“Hello, lad,” boomed Small Symm—the giant was incapable of conversing in less than a shout. “What of your life and what do you hear from Malaika?”
Flinx sat on one of the stools lined up before the curving bar, ordered spiced beer for himself and a bowl of pretzels for Pip. The flying snake slid gracefully from Flinx’s shoulder and worked his way into the wooden bowl of trapezoidal dough. This action was noted by a pair of wide-eyed unsavory types nearby, who promptly vacated their seats and hastily made for the rearmost booths.
“I’ve had no contact with Malaika for quite a while, Symm. I’ve heard he’s attending to business outsystem.”
Flinx’s wealthy merchant friend had enabled him to quit performing his personal sideshow, having provided him with a substantial sum for his aid in exploring the Tar-Aiym world of the Krang. Much of the money had gone to set up Flinx’s adoptive mother, Mother Mastiff, in a well-stocked shop in one of Drallar’s better market districts. Muttering at her capriciousness, the old woman had rescued Flinx as a child from the slave-seller’s block, and had raised him. She was the only parent he had ever known. She muttered still, but with affection.
“As a matter of fact,” he went on, sipping at the peppery brew, “Malaika wanted me to go with him. But while I respect the old hedonist, he’d eventually get ideas about putting me in a starched suit, slicking my hair back, and teaching me diction.” Flinx shuddered visibly. “I couldn’t stand that. I’d go back to juggling and audience guessing games first. What about you, father of oafs? I’ve heard that the municipal troops have been harassing you again.”
The owner of the bar leaned his two-and-a-half-meter- tall, one-hundred-seventy-five-kilo frame onto the absorbent wood-plastic counter, which creaked in protest. “Apparently the marketplace commissioner took it as a personal affront when I ejected the first group of officious do-gooders he sent round to close me down. Maybe I shouldn’t have broken their vehicle. Now they are trying to be more subtle. I had one in just this week, who claimed to have observed me serving borderline minors certain hallucinogenic liquids.”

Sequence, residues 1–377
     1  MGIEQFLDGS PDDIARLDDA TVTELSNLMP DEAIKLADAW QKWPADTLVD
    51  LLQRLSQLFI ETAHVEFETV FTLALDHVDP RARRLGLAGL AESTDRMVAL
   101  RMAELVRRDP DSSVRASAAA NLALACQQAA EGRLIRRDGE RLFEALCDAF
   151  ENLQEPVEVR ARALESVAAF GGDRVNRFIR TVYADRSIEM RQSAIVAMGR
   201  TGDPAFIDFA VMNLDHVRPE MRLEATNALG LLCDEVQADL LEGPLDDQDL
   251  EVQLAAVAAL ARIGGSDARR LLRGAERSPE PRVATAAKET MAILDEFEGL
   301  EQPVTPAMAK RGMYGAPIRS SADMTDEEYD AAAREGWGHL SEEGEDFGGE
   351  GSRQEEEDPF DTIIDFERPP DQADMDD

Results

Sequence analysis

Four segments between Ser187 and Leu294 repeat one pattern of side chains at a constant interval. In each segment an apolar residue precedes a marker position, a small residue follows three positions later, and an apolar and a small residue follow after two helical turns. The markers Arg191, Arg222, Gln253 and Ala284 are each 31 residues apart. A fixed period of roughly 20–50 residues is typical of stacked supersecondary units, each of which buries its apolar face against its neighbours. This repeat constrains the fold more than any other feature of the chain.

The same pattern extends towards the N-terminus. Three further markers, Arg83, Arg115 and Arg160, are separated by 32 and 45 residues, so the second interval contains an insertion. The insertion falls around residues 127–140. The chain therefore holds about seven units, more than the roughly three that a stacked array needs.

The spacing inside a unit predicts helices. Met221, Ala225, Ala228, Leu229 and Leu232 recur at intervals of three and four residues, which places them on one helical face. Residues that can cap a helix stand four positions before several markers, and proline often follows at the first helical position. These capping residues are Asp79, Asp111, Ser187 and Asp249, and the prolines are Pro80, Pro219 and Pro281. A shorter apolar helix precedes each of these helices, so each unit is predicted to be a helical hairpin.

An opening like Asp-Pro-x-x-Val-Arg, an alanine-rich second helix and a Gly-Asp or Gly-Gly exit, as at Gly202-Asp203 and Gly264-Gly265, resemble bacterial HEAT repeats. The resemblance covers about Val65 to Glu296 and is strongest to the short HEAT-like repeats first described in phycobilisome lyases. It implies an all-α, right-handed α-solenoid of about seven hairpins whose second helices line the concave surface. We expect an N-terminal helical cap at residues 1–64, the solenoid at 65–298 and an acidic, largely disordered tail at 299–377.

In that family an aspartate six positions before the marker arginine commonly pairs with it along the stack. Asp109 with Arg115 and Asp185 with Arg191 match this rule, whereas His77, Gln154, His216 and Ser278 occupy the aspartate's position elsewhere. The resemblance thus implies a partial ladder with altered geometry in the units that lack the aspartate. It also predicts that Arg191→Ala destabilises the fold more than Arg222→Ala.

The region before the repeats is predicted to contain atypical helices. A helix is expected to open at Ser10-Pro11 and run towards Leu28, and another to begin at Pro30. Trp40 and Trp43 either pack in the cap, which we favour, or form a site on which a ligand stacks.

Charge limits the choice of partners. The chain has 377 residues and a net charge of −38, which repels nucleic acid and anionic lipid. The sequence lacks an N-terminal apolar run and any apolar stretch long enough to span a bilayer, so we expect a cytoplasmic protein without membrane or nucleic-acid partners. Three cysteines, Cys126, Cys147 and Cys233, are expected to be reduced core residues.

“Obviously you deserve to be strung up by your extremities,” commented Flinx with mock solemnity. He, too, was underage for much of what Symm served him.
“Anyway,” the giant went on, “this heckster flies out of a back booth, flashes his municipal peace card, and tries to tell me I’m under arrest. He was going to take me in, and I had best come along quietly.” Small Symm shook his massive head mournfully as Flinx downed several swallows.
“What did you do?” He licked liquid from the corners of his mouth.
“I really don’t want any more trouble, certainly not another assault charge. I thought an inferential demonstration of a mildly physical nature might be effective in persuading the gentleman to change his opinion. It was, and he left quietly.” Symm gestured at Flinx’s now empty mug. “Refill?”
“Sure. What did you do?” he repeated.
“I ate his peace card. Here’s your beer.” He slid a second mug alongside the first.
Flinx understood Small Symm’s gratification. He had his reputation to uphold. His was one of the few places in Drallar where a person could go at night with a guarantee of not being assaulted or otherwise set upon by rambunctious rovers. This was because Small Symm dealt impartially with all such disturbers of the peace.
“Be back in a minute,” Flinx told his friend. He slid off the stool and headed for the one room whose design and function had changed little in the past several hundred years. As soon as he stepped inside he was overwhelmed by a plethora of rich smells and sensations: stale beer, hard liquor, anxiety, tension, old water, dampness, fearful expectation. The combination of thick thoughts and airborne odors nearly overpowered him.